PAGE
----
The Trump Administration just announced yet another blow to the country’s environmental protections. On Thursday, officials from the EPA and the U.S. Army Corps of Engineers repealed an Obama administration update to the 1972 Clean Water Act, which had expanded protection to wetlands and streams that are disconnected from navigable rivers. “They’re effectively sending us back 30 years in our protections of U.S. waters,” says Peter Gleick, co-founder of the Pacific Institute and a MacArthur “genius” Fellowship winner for his work as a climate and water scientist.
The 2015 rule has broadened the definition of “waters of the United States,” which allowed the EPA to regulate pollutants in a much greater proportion of waterways than before. Dry washes and streams may only flow intermittently, but according to an EPA report they make up about 59 percent of streams in the U.S. and 81 percent of those in the Southwest. Another EPA report, which supported the 2015 rule, reviewed more than 1,200 studies on small streams and wetlands and found that they’re critical to the health of downstream rivers: “There is ample evidence that many wetlands and open waters located outside of riparian areas and floodplains, even when lacking surface water connections, provide physical, chemical, and biological functions that could affect the integrity of downstream waters.” And yet, many of these waters now have no protection under federal law.
The original definition of “waters of the United States” mainly covered large rivers, their tributaries, and adjacent wetlands. The Clean Water Act requires industrial and municipal polluters discharging to these rivers to obtain permits from the EPA and the 2015 update expanded those regulations to include smaller streams and wetlands. Thursday’s repeal will soon be followed by a rule change, and the replacement text would basically revert to the ’70s-level protections. Officials have stated that the change would remove a current “regulatory patchwork”—the 2015 update only applies to 22 states, Washington D.C. and U.S. territories because other states have challenged the rule in court. In a press release, EPA Administrator Andrew Wheeler said redefining “water of the United States” would “provide greater regulatory certainty for farmers, landowners, home builders, and developers nationwide.”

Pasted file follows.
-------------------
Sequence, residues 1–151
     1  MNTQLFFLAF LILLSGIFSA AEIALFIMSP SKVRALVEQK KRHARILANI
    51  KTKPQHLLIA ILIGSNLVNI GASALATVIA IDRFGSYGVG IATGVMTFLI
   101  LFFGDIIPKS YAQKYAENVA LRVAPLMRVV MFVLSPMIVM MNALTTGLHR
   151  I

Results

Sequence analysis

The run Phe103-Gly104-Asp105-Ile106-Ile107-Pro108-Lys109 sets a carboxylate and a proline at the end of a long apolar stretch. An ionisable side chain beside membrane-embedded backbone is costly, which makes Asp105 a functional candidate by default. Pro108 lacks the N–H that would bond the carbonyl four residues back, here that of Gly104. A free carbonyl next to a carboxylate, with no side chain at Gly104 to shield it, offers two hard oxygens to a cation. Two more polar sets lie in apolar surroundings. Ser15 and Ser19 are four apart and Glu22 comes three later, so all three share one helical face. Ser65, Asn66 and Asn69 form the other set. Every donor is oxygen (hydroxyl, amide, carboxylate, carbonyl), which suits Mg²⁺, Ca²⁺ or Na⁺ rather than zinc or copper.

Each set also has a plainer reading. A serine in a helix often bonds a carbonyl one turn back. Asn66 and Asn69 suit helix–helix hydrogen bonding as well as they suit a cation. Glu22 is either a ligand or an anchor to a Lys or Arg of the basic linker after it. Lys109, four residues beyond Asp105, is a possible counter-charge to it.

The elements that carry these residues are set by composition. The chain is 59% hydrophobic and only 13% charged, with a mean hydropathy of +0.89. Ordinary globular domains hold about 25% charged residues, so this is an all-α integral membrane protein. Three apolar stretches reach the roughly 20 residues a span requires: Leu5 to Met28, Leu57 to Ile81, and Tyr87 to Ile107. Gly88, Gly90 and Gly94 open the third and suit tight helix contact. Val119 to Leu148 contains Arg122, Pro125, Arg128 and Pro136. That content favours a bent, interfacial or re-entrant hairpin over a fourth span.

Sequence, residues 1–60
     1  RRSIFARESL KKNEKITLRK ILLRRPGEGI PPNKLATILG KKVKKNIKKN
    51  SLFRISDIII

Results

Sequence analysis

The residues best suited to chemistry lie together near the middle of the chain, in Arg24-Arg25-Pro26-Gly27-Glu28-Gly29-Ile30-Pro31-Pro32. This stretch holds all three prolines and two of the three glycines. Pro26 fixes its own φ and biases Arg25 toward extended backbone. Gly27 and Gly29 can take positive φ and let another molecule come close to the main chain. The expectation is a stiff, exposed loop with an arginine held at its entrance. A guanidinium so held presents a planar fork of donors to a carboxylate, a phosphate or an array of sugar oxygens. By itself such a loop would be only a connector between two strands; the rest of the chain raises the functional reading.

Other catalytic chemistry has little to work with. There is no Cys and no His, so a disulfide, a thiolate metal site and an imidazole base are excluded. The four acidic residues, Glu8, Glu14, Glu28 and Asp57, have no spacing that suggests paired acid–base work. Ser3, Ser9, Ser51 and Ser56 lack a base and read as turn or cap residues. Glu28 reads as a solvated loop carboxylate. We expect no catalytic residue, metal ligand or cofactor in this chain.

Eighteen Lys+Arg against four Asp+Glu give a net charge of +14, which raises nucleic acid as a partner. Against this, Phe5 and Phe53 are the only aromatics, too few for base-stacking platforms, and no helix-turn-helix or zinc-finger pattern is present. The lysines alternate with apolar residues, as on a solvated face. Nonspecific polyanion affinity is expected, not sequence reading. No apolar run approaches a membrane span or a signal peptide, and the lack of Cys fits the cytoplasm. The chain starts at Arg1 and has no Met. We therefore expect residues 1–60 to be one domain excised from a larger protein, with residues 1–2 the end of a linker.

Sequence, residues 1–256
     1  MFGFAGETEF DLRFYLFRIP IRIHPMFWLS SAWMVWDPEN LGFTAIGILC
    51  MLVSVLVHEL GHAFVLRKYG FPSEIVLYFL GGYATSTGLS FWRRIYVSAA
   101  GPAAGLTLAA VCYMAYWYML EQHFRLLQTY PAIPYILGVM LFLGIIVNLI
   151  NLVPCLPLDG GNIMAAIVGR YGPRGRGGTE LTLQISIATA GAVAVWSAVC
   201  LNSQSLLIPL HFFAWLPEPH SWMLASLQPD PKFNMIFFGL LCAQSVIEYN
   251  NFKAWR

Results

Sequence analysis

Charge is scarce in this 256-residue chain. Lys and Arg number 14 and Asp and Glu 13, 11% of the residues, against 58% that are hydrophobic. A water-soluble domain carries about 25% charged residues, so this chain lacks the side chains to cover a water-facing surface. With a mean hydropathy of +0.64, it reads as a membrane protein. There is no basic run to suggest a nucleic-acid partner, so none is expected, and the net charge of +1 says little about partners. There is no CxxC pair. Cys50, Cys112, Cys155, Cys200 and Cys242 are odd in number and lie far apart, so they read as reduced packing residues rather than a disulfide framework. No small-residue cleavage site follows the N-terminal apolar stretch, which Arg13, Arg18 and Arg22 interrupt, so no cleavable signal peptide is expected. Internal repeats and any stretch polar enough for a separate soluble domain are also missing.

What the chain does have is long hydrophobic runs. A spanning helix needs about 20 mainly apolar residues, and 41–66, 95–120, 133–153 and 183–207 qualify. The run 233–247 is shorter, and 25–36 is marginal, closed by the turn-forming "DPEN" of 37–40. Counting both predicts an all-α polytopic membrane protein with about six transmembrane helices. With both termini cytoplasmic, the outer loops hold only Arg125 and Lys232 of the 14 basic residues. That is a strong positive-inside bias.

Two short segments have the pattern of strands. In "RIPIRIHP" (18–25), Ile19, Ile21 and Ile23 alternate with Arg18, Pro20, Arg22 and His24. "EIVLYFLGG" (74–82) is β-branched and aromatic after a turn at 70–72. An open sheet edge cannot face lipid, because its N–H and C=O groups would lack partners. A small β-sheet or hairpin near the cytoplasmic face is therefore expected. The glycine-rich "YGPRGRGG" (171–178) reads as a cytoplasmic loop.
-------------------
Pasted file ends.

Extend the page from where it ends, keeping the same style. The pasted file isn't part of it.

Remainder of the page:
But despite whatever uncertainty there may have been, the 2015 update was enacted for a reason: the streams and wetlands that aren’t flowing into or right next to major rivers are still crucial for wildlife and humans. Drinking water for one in three people in the lower 48 comes from same waters that just lost their federal protection in the repeal, as PopSci has reported previously. “The weakening that we’re seeing today is really serious—It’s really cutting protection for drinking water for a lot of Americans,” says Gleick. “A lot of our groundwater resources and a lot of our surface water resources are now going to be vulnerable to far more pollution.”
The 2015 rule also regulated pesticides and nutrients leaching from many farmers’ fields—a diffuse but cumulatively significant source of pollution. In the Mississippi basin, for example, the pollutants from numerous farms that trickle into small streams and wetlands eventually flow into the river and then into the Gulf of Mexico, says Gleick. This impacts water quality and leads to the growth of massive algal blooms and fish die offs. “Some farmers would have had to get permits to discharge pollutants into the streams and wetlands,” says Gleick. But now that requirement has been lifted, and our waters will suffer for it.
Overall, says Gleick, “We can expect more pollution in our waterways, more threats to drinking water supplies, more court cases, and more confusion about where this country ought to go on environmental protection.”